I've been teaching journalism at NYU since 2005. I'm an adjunct there, and I usually teach one or two courses a year. It's one of the most professionally gratifying things I do. Nothing pleases me more than when a student gets that rush of excitement from a story he or she is working on for class. Of course teaching them the tools of the trade is essential, but above all I want my students to fall in love with journalism. Or at least have an affair with it in my class. So last week, a student said something that was music to my ears:
I hate nature but I love this class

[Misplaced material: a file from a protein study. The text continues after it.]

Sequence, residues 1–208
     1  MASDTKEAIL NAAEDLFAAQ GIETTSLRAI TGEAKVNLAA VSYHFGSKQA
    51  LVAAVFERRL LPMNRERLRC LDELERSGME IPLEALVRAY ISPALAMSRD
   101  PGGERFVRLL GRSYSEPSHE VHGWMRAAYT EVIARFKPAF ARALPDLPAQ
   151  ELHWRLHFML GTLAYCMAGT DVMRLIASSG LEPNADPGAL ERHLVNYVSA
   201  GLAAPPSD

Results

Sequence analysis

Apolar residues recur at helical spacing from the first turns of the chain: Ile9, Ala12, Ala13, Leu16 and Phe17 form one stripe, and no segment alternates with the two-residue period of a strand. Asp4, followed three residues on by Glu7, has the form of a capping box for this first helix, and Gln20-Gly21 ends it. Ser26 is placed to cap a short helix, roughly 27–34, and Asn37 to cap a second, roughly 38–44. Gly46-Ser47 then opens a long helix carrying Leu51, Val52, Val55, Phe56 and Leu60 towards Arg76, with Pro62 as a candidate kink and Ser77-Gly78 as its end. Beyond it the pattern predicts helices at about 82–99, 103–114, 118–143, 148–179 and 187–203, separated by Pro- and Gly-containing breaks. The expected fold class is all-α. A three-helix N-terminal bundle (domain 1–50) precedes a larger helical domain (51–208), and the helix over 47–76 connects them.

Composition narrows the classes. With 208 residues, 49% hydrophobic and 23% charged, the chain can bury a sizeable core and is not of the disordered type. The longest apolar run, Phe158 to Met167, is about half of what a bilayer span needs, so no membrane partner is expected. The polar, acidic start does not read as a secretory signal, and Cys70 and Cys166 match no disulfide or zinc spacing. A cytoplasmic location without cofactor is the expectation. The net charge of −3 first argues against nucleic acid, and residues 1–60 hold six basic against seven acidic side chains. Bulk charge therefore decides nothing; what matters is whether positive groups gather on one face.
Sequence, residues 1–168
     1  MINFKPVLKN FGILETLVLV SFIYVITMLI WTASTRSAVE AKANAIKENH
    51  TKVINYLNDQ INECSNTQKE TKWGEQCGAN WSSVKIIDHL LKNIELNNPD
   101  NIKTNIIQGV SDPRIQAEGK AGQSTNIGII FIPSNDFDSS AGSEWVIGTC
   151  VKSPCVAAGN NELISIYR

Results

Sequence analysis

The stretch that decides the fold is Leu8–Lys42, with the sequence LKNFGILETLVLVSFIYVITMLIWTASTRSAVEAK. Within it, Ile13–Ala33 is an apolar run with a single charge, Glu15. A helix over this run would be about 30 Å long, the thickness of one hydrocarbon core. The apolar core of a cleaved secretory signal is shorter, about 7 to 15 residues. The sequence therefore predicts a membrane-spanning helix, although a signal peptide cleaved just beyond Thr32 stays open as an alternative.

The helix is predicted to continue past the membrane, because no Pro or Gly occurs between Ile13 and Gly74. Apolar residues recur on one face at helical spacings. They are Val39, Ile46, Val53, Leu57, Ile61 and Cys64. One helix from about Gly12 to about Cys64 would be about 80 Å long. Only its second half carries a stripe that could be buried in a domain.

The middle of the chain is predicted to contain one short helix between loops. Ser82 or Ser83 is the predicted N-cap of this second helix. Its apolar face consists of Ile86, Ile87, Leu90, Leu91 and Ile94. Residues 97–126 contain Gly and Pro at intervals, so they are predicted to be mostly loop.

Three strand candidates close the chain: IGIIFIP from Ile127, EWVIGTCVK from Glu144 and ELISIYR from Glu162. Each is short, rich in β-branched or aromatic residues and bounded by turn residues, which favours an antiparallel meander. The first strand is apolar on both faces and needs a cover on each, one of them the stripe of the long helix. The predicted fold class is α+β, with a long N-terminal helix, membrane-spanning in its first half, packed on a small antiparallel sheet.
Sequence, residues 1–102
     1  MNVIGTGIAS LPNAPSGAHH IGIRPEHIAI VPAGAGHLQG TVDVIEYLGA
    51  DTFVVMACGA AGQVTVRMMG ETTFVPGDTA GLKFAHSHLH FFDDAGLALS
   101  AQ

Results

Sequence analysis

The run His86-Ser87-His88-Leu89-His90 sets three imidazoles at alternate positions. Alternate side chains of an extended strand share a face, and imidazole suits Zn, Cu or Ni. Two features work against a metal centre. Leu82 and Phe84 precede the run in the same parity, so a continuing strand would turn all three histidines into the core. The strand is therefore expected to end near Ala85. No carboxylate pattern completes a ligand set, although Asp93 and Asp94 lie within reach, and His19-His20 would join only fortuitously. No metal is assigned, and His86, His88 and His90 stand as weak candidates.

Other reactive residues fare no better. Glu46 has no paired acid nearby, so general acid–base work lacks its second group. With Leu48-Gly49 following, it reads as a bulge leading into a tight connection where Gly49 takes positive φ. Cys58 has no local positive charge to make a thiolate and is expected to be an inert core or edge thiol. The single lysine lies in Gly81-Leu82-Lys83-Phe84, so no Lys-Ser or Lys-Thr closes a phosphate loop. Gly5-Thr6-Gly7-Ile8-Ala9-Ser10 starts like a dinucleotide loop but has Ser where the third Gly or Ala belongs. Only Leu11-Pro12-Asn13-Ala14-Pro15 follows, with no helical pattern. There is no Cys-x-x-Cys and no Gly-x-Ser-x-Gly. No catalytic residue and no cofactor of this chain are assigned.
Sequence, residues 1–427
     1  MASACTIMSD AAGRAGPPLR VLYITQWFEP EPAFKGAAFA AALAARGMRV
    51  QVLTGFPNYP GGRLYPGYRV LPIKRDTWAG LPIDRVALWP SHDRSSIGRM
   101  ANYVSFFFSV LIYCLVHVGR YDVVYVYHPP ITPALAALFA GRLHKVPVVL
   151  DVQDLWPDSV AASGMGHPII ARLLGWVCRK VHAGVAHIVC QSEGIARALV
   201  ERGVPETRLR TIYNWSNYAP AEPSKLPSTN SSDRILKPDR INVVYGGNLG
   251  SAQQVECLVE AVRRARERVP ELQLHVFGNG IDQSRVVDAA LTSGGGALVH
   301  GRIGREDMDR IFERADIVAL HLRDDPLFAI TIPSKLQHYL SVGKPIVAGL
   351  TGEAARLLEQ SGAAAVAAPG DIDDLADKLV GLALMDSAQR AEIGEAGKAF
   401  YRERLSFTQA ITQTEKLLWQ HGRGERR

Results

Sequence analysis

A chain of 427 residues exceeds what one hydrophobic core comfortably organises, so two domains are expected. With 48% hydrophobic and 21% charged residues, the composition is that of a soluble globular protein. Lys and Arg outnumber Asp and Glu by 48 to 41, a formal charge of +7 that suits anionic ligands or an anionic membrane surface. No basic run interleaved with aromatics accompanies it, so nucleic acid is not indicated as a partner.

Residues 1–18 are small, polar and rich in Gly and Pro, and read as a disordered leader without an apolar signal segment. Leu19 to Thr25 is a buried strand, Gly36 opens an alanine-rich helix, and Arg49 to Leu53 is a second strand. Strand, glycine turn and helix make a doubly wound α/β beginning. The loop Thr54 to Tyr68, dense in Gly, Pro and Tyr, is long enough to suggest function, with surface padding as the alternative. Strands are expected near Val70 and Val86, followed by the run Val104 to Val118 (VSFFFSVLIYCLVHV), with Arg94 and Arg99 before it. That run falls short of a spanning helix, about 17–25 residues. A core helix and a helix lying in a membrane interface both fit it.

The course I taught this semester was titled, Hidden New York: Where the Wild Things Are. (I was fortunate in that I was allowed to design the theme, which I briefly wrote about here several months ago.) It's an Advanced Reporting class, and most of the students seemed to really enjoy it. It also delights me that a student who otherwise could care less about ecological and sustainability topics actually liked learning about them. I think that's because I had the students immerse themselves in two of their major assignments. And I let them choose what caught their interest. For example, the student who "hates nature" became a "freegan" for two weeks and wrote a hilarious and well-reported story on a fairly new subculture. Another student became a beekeeper. Others took up composting, (all-weather) surfing, birding, among other ventures, to explore facets of nature and sustainability in an urban landscape. Most of them seemed to have a blast. I also had them set up a blog and they did a great job with that, as well. Today's the last day of class, so that means pizza and the obligatory wrap-up of the semester's main take-away lessons. Roughly half of my students are graduating in December, which means the next chapter of their lives is about to begin. Here's hoping they continue to be as adventuresome and open-minded as they were in this class.